Ogsarg's 'view from the doctor's perspective' was interesting. My doctor has been seeing me for 20 years now. When we started I was still working and my conditioning was kind of 'typical guy in the street' level. Then when I retired I did just enough running to keep an Irish Water Spaniel (with no ready water access) content (back when my knees were younger I was running 2500 miles/year). Then all activity resembling exercise stopped for 6-7 years and I ended up weighing 50'ish pounds more than I do now. Got back on the bike in 2014 and been riding at my current level (not instantly, of course) since then. The only other biking that I had ever done was a couple years in the mid 90's out in the Bay Area of California (OK, calling Livermore 'the Bay Area' is a stretch).

So my doctor has seen me in all 3 of those different 'conditions'. And that probably does influence his answer to my question.

dave
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Old 05-01-20, 08:16 PM
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Originally Posted by August West View Post
I started at the gym early in 2019 to augment my riding since they say strength training is good for you as you age. In that time I was able in increase the amount of weight I was lifting by amounts I wouldn't have thought possible. 3 days a week at the gym and 3 days riding.

This March with the onset of COVID-19 I decided to suspend my gym membership even before the state closed all gyms. This has left me a lot more time for riding. Since the weather is nice here in the spring I've been able to cycle 40 out of the last 41 days. And I realized just how much more I enjoy riding than going to the gym. I really love going out on my daily rides.

I never loved the gym but went religiously because it was good for me but I've been toying with the idea of just sticking with cycling when the state allows the gyms to reopen. Plus, it will save me about $420/yr. which I'm sure I'll just end up spending on bike stuff.
The gyms closing has opened my eyes to how much strength training you can do with bodyweight. I was like you, lifting about 3 days and cycling about 3.

I didnít want to give up strength training so I found that these moves work every big muscle group and since I got a weighted vest (lol) I can add resistance and keep the rep range under 15...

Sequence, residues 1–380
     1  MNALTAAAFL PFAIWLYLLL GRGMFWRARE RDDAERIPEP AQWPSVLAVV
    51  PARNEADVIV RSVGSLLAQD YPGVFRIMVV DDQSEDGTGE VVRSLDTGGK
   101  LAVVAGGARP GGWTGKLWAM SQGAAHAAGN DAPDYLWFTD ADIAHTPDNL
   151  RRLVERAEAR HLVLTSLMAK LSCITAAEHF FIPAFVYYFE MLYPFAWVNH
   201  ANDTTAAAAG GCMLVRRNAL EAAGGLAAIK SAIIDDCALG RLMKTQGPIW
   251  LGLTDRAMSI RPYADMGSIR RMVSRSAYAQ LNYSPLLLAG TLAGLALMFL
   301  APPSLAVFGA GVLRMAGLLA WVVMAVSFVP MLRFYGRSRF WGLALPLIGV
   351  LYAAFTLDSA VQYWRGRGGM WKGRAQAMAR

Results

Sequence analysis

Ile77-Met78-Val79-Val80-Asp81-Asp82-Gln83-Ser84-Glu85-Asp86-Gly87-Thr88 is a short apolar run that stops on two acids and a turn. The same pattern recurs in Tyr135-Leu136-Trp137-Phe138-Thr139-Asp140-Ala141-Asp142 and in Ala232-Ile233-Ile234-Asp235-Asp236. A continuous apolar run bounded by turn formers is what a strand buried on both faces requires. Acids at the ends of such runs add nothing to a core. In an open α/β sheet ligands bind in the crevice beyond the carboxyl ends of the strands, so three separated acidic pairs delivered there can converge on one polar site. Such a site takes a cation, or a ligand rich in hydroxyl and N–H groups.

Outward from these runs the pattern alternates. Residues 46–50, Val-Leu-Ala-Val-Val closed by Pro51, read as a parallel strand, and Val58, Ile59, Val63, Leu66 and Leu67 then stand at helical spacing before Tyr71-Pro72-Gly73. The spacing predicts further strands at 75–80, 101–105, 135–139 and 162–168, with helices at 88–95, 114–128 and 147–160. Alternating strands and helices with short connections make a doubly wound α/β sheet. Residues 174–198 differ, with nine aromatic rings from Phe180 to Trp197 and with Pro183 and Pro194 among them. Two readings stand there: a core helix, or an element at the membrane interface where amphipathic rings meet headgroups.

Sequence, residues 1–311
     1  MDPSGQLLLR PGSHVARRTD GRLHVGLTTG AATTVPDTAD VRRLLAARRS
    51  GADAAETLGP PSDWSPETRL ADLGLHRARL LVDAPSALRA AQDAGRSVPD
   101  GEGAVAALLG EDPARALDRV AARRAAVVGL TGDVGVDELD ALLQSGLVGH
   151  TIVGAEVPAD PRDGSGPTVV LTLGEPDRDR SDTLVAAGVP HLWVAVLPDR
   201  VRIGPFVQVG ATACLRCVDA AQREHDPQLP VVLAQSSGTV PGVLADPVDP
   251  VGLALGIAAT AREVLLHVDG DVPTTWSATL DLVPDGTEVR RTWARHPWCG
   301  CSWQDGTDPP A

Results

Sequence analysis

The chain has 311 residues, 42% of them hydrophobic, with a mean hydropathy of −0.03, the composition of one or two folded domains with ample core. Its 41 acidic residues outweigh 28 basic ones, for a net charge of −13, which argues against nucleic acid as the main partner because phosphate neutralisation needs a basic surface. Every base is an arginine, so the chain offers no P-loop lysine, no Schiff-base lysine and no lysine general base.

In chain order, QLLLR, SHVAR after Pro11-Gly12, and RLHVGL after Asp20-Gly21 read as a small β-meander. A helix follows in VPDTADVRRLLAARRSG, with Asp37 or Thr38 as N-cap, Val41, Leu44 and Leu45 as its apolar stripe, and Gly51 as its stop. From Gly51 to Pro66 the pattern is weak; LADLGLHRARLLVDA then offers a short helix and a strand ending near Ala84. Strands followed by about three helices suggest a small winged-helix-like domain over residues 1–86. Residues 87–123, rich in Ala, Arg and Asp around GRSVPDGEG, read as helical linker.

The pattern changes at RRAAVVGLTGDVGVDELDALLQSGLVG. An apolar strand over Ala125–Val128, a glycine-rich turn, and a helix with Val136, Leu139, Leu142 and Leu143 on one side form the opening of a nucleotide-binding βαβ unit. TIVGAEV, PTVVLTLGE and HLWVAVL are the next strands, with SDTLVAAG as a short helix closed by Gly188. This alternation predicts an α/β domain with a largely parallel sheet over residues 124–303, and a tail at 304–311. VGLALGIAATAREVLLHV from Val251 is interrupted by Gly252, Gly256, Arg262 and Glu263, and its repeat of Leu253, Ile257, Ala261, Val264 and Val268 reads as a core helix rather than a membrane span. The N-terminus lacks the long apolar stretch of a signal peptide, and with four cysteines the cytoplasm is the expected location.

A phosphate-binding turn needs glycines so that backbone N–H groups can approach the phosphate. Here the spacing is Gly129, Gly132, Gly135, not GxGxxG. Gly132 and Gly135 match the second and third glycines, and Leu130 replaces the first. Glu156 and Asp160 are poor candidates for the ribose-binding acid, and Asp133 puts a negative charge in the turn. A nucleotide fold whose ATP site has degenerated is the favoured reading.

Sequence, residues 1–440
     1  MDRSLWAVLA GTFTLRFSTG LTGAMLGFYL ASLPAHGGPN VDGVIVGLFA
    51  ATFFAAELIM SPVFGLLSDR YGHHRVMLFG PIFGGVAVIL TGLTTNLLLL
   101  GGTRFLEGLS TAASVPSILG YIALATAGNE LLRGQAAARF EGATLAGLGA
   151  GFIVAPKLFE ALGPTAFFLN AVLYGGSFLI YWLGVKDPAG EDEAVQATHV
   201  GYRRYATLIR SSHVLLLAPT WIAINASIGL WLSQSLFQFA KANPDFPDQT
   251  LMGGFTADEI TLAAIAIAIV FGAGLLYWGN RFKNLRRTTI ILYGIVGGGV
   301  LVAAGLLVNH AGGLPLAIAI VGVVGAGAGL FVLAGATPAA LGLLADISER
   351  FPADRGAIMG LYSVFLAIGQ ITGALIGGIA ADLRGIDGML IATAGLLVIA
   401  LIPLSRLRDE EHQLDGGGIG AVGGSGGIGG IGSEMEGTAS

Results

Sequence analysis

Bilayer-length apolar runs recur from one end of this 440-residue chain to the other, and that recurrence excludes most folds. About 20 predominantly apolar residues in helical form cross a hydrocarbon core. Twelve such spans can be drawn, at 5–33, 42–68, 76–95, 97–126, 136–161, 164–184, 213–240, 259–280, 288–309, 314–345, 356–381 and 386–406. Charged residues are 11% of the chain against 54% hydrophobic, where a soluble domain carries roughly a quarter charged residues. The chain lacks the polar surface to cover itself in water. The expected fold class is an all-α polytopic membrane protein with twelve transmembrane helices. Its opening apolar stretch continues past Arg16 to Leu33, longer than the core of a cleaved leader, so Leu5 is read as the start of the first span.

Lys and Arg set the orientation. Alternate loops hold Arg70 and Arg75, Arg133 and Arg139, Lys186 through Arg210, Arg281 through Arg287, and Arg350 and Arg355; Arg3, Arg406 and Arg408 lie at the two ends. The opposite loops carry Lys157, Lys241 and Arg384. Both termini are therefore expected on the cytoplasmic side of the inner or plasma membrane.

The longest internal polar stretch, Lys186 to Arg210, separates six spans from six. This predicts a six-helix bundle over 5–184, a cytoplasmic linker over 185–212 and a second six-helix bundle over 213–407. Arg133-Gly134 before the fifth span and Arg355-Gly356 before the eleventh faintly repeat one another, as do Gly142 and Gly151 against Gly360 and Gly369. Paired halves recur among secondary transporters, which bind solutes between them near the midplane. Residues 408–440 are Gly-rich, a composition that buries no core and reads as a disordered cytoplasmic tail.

Slow pushups to the floor and all the way up. 4 sets of 12. Pushups with my feet on the bed, 3 sets of 10.

Pullups, what an amazing exercise. 4 sets of 8-10.

Bulgarian split squats, 3 sets of 10-15. Single leg deadlifts (itís just body weight but hits the hamstrings and glutes hard), 3 sets of 10-15.

I do one group a day, so I hit each group 2x a week, and it only takes 15-20 minutes and I feel like I have maintained or even gained muscle mass.

Then, try to cycle every other day.

But, This is just what I like. Each person finds their passion and thereís no arguing with success. The enormous cardiovascular gains from cycling at the level of the OP are enviable and thereís certainly no need to do anything that might take away from the current routine.
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Old 05-01-20, 08:25 PM
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I'll give my personal perspective a try again. But making it quick.

I'm not about training for an event. Never was really. Too safety conscious to participate in big or medium events. Just not my cuppa.

I train (for lack of a better term)
to wake up feeling good everyday,
to keep my weight and other things in balance.
to not have Rx meds.
to maintain balance and leg strength
to sleep better at night.

35+ years as a continuous adult cyclist, less when the kids were babies, should have helped the longevity side of what genetics may dictate.

I practice = listen to your body and deep breathing meditation. and cross-train with hiking, gardening an acre and home projects. Should use the free weights for upper body.

Volunteer ski patroller and summer wilderness ranger are past joys.

Max heart rate = who cares.

So my opinion on 'training' is different than most

edit: DOB = 1951

Last edited by Wildwood; 05-02-20 at 10:22 AM.
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Old 05-01-20, 10:12 PM
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I like goals - they make me train. Otherwise I might just say, "Well I don't feel like it today. What difference does it make?" I train so I can ride. Many years ago, I made up a little epigram, "They take away your license to fly if you don't keep making the installment payments."

I look at the aging thing a little differently (YOB 1945): If I don't lose all the much each year, it's a victory. I'll never average 16 on a mountain 400 again and that's that. But so what? I'm still fit enough to attack the climbs and have fun, even if the youngers are going by me zip, zip, zip. Doing all you can do is all you can do. As long as that's really all you can do, of course. It's satisfaction with one's station in life, What is is what is, reality bites and all that type of thing.

Thus the real question, indeed the only question, is what can you do? I recover for crap now, so this spring and summer for the first time, I'm not strength training. Well, and of course the gyms are closed anyway. I do about 1/2 hour of stretching and floor exercises almost every morning, enough so that I don't run into strength or overuse injuries on the bike. No showstoppers, thank you very much. I'll start strength work again late this summer and probably until January if gyms are open again. If not, I might buy some dumbells. Heavy dumbbell deadlifts are plenty strenuous and of course lighter for upper body work. A 2 X 12 between sawhorses would work for a bench. But IME this year I could either do strength work or intervals, but not both. I used to do intervals and strength work after and still recover, but not anymore, and that was maybe only 5 years ago. I do a event ride in the mountains every year. The last couple of years I've come in first in my age group and I'm a total duffer as far as talent goes, so it's working. FTP is like 165 but I guess everyone else is worse or maybe I'm just in better condition, probably the latter. As the song goes, "Compared to what?"